|Serena, right, twice came from behind to overcome her sister [GALLO/GETTY]
Serena Williams fought off 10 set points to prevail in the greatest duel yet with sister Venus, a heart-stopping 7-6 7-6 victory that put her in the US Open semi-finals.
With displays of ferocity and passion from both players, Serena emerged triumphant in the gruelling two hour 25 minute battle to reach the final four at Flushing Meadows for the first time since her 2002 win.
The eight-times grand slam winner turned away two set points in the first 8-6 tiebreaker and eight more in the second set, including four in the final 9-7 tiebreak, which ended with a Venus forehand drive landing beyond the baseline.
"I can't believe I won," Serena said courtside.
With the victory Serena edged to a 9-8 advantage in her head-to-head sibling rivalry with Venus.
"I think we played a great match today," Serena said. "It just boiled down to one point here and there."
Serena put on an amazing display of athleticism, racing from corner to corner to retrieve rocket forehands from Venus, stretching, straining and even sliding into a full split along the baseline trying to run down a blast.
The win sent Serena to the semi-finals against sixth seed Dinara Safina, a 6-2 6-3 winner over Italy's Flavia Pennetta.
Friday's other women's semi-final will have second seed Jelena Jankovic against Olympic champion Elena Dementieva.
One of the semi-finalists will supplant Ana Ivanovic as world number one at the end of the tournament.
|Nadal dispatched his second straight US opponent to set up a semi-final with Scot Andy Murray [GALLO/GETTY]
Top seed Rafael Nadal, looking for his first US Open title to underline his new status as world number one, booked a date with Briton Andy Murray in the men's semi-finals.
The Spaniard closed a marathon night session with a 3-6 6-1 6-4 6-2 victory over unseeded American Mardy Fish.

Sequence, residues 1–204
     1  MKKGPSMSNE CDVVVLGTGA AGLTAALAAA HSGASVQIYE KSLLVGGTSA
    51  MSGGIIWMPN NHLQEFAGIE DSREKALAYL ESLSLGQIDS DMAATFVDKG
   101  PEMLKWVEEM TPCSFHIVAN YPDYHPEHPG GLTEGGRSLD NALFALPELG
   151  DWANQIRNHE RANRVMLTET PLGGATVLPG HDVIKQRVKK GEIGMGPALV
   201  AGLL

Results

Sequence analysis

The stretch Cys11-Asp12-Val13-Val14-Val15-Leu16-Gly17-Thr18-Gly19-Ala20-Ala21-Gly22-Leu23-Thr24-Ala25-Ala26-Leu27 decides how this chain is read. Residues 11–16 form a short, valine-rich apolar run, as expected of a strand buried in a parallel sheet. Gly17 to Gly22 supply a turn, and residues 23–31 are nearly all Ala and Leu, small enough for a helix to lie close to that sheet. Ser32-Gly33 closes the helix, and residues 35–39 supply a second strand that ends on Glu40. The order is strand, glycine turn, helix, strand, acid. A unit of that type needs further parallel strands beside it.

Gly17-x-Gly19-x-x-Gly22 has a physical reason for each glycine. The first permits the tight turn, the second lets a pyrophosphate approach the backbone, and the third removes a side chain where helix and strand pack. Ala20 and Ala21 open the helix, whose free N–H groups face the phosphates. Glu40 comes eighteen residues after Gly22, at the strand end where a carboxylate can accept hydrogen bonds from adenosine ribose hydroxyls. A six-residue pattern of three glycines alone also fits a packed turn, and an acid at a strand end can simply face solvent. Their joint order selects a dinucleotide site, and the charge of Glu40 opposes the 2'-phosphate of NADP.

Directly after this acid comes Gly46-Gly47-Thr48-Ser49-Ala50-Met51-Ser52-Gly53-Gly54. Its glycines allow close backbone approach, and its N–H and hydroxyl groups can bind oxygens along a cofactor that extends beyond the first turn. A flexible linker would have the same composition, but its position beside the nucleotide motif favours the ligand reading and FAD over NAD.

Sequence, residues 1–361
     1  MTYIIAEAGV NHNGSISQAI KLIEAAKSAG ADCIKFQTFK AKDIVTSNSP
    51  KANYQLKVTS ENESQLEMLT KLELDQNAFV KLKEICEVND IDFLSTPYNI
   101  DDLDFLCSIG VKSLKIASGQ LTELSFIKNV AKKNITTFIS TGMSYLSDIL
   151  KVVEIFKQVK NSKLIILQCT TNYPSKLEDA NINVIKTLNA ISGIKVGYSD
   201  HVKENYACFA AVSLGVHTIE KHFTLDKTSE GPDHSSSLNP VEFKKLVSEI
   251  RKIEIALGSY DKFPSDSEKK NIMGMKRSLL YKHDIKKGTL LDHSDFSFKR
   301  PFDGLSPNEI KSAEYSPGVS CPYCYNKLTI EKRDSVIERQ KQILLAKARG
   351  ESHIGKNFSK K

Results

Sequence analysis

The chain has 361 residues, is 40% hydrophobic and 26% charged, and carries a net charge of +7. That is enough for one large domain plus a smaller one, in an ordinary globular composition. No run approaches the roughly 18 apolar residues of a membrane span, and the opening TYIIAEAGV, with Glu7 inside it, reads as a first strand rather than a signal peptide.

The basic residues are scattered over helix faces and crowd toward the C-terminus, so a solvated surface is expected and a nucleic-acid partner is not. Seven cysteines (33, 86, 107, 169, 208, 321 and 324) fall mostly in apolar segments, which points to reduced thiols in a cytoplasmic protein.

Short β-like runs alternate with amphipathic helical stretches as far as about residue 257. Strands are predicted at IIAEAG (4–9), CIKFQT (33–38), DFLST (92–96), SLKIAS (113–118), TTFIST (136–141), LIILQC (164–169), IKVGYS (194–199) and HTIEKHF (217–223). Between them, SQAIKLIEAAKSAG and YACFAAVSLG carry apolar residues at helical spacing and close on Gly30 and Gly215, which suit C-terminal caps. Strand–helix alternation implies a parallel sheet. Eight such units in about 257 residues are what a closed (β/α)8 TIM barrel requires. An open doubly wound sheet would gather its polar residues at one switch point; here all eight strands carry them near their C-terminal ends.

Delayed by a series of long matches, Nadal clinched his first trip to a US semi-final at 2:10 am with a boisterous throng of fans still on hand in the city that never sleeps.
"Thanks everyone for being here 'til 2 o'clock," Nadal told the crowd in a courtside interview.
"The night atmosphere here is always amazing. But I prefer to finish a little earlier."
The biggest buzz of the day came from the clash between the Williams sisters which featured brilliant rallies, raw power and such unbridled effort that the Arthur Ashe Stadium crowd gave them a standing ovation after one breathtaking exchange.
US Open champion in 2000 and 2001, Venus failed to capitalise on serving for the first set at 5-4 and again for the second at 5-3.
Venus ripped 36 winners but had 45 unforced errors in her quest for victory.
Her greatest lapse came when serving for the second set at 5-3, 40-0.
|Crucial unforced errors cost Venus the match [GALLO/GETTY]
She squandered three set points, making five successive errors that brought the set back on serve.
"I'm a very good closer," said Venus, a seven-times grand slam winner and like Serena a double Open champion.
"I never had a match like that in my life. But I guess there's always a first. I guess she played a little better."
Venus led 6-3 in the second tiebreaker but three errors brought it back even.
A backhand volley by Serena spoiled another Venus set point at 7-6 before two more errors by Venus ended it 9-7 in Serena's favour.
"She played some great volleys and got a lot of balls back," said Venus, who beat Serena in the Wimbledon final in July for her fifth All England Club title.
"It's not what I planned."
Murray gave a roar of relief after ending the 23-match winning streak of Argentine teenager Juan Martin Del Potro 7-6 7-6 4-6 7-5 to reach his first grand slam semi-final.
Murray plotted his path to the semis through two dominant tiebreakers, winning the first 7-2 and the second 7-1.
The Scot overcame shaky moments in an error-filled third set before ending it as Del Potro served to stay alive.
"I'm very relieved," Murray said after the grudge match against the 19-year-old Argentine, with whom he traded on-court insults at the Rome Masters in May.
Del Potro had won his last four tournaments, on clay at Stuttgart and Kitzbuhel, and on hard courts at Los Angeles and Washington to soar from 65 to 17 in the rankings.
Safina aiming high
Safina, 22, also registered a personal first, reaching the US Open semi-finals for the first time.
"It's great," said Safina, runner-up at the French Open and Beijing Olympics.
"I'm getting closer to reaching the same thing as my brother (Marat Safin, the 2000 champion), so I hope that one day we can have the same titles."